Thursday, December 12, 2013
Having tried my hardest to not respond to the lead story ("Hundreds of Mainers line up for housing assistance"), with pictures, in the Local and State news section of your April 11 edition, I am caving. What is wrong with this picture?
Kareem Alashammari was first in line in Portland on April 10 when housing officials began letting people in to add their names to a regional waiting list for federal housing subsidies. A reader calls for closer vetting of applications for subsidized housing.
2013 File Photo/John Patriquin
The first, second and fourth people in line for Section 8 housing, having "bravely" stood there all night, are obviously able-bodied men between 20 and 30 years old.
The third in line has physical problems and is on Social Security (whose Social Security number did he get at 14, fresh from Iraq?).
One of the other applicants mentioned took time off from a job to apply for assistance, to try to get ahead of outlay being more than income, to get a fresh start, off the dole.
"Start" being the operative word. Have the first, second and fourth people in line "started"?
Standing in the cold all night must beat cleaning closed offices, restaurants and schools.
It must be easier than flipping hamburgers, way easier than standing on corners, holding signs during the day, just asking for change or, as my recent hospital stay proved, much better than sitting all night long watching a patient sleep as a companion.
I, like many folks having retired after a lifetime of working, understand that some people need to receive a hand up due to unforeseen circumstances, divorce, illness, layoffs and sometimes just needing to have a breather.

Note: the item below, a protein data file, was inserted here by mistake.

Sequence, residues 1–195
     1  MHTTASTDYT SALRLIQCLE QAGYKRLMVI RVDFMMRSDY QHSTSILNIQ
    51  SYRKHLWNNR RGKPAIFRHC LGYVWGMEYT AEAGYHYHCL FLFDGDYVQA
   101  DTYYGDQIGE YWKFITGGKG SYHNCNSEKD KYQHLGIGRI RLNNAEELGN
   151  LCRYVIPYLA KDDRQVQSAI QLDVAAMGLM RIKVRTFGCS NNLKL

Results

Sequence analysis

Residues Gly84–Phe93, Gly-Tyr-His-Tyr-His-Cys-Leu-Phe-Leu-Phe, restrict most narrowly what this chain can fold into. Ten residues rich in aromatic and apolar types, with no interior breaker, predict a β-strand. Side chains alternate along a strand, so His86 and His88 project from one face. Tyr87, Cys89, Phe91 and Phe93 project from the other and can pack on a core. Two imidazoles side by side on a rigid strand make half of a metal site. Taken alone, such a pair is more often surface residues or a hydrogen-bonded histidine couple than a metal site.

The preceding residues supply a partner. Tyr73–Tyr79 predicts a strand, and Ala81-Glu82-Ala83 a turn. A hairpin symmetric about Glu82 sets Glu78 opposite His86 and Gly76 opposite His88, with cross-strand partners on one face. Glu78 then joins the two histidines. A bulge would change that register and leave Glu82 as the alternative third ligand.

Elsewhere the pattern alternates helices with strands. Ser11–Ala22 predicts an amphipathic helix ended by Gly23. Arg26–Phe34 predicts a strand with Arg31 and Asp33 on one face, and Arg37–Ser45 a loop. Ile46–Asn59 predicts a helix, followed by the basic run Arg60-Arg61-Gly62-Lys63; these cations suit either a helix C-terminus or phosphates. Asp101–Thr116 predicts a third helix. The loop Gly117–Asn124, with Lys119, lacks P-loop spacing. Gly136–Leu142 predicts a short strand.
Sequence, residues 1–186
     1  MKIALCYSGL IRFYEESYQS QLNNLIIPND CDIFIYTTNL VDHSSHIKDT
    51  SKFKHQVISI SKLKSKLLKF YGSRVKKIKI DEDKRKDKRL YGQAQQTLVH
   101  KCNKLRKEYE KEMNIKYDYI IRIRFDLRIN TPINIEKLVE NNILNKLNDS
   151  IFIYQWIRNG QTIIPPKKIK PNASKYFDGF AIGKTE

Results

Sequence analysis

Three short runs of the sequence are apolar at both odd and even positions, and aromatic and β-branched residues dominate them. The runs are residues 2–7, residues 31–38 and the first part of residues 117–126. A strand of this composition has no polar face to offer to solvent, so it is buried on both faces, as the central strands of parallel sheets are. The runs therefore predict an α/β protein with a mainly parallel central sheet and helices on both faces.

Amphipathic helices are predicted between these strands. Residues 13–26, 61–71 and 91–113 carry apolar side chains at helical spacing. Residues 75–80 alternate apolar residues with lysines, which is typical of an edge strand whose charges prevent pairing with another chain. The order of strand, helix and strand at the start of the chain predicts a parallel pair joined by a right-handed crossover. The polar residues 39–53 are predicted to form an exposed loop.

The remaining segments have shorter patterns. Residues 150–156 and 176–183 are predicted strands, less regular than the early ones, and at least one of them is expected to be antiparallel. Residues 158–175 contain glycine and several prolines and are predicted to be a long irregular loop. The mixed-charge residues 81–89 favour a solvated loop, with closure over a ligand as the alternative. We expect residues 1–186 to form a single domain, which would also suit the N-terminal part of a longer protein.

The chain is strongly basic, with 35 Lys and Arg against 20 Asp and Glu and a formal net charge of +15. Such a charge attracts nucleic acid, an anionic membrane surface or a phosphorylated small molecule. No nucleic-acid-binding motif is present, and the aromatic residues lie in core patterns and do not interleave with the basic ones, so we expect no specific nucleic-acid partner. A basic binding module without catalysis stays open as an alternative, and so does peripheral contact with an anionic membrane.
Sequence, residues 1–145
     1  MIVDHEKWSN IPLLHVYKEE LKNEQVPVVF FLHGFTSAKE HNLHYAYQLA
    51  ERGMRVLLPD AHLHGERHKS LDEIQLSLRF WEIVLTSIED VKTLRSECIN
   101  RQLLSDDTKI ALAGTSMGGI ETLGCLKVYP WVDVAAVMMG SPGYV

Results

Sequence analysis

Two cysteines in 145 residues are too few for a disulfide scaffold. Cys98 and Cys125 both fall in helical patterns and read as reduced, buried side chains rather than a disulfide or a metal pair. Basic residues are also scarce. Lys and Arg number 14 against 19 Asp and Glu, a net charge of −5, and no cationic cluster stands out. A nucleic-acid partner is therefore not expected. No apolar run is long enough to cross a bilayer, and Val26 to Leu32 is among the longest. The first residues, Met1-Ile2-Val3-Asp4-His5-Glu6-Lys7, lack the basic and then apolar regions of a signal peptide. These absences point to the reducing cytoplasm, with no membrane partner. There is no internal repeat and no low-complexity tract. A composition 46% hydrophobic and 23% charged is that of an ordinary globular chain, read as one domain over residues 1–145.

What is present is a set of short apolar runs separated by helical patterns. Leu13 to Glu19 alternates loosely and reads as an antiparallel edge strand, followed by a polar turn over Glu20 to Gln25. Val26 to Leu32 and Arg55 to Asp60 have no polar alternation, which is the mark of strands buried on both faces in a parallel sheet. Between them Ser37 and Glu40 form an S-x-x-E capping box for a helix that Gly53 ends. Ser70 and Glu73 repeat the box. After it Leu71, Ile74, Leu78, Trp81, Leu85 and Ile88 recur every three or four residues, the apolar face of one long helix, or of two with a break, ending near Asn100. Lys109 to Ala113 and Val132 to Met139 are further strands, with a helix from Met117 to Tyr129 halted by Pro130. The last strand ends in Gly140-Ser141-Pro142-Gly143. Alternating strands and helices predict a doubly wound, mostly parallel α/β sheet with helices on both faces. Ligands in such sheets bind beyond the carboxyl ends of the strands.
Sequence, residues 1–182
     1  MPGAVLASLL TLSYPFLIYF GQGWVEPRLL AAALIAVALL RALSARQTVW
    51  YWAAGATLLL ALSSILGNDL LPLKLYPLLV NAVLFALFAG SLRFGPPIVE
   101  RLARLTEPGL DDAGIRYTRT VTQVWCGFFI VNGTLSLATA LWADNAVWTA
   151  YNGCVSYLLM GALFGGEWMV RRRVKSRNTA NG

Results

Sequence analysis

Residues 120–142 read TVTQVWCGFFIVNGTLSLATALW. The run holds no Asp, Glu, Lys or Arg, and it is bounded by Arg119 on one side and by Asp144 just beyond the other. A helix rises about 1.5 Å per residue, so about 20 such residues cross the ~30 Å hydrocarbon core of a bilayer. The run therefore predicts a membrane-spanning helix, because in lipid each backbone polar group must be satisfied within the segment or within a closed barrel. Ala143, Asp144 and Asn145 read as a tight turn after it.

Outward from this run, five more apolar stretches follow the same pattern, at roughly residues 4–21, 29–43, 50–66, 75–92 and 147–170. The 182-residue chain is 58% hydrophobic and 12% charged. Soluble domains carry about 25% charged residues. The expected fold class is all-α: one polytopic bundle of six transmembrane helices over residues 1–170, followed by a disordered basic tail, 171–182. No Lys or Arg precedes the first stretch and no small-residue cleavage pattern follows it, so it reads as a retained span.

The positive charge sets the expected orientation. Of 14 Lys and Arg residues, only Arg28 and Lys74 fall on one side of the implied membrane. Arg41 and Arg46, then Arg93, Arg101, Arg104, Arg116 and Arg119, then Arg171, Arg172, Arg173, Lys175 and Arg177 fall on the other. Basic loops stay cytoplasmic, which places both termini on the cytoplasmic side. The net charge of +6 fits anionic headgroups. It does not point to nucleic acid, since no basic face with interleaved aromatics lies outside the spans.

But the young, the healthy and the obviously sturdy can pound the pavement in daylight, instead of standing in line all night for benefits they have yet to earn.
Section 8 was created to help, not to enable.
Wake up, Maine!
Congress Square deserves 'coordinated design effort'
Congress Square is one of the most important physical spaces in downtown.
It includes the major pedestrian and vehicular intersection of downtown Portland, several buildings of outstanding architectural character (including the Portland Museum of Art and the Hay Building), major cultural venues (State Theatre, two museums and the Arts District) and a park that shows occasional signs of vigor.
But too often Congress Square is considered in fragments and defined by its problems: chaotic and scary traffic, drab building facades and sides, and the park, which is an "attractive nuisance" for off-putting behavior.
So much change will be affecting the square in the near future that now is the time to think of remaking the entire public space as a cultural crossroad and a center of downtown activity.
Under consideration are changes to the Free Street traffic pattern, making traffic two-way on High Street, renovation of the Eastland Hotel, possible redesign of the park and a possible addition to the hotel.
All these proposals reflect the efforts of many Portlanders frustrated with current aspects of the square.
The whole of Congress Square can be looked at as one space rather than as a collection of small problems requiring piecemeal solutions. Such a central and potentially vibrant place with so many likely changes deserves a comprehensive, coordinated design effort.
The Portland Society for Architecture stands ready to play a part in this revisioning of the entirety of Congress Square and its approaches.
We believe other major players are ready to contribute as well in order both to avoid a too-narrow focus on minor parts of the square and to capture the full potential of this vital city location.
(Continued on page 2)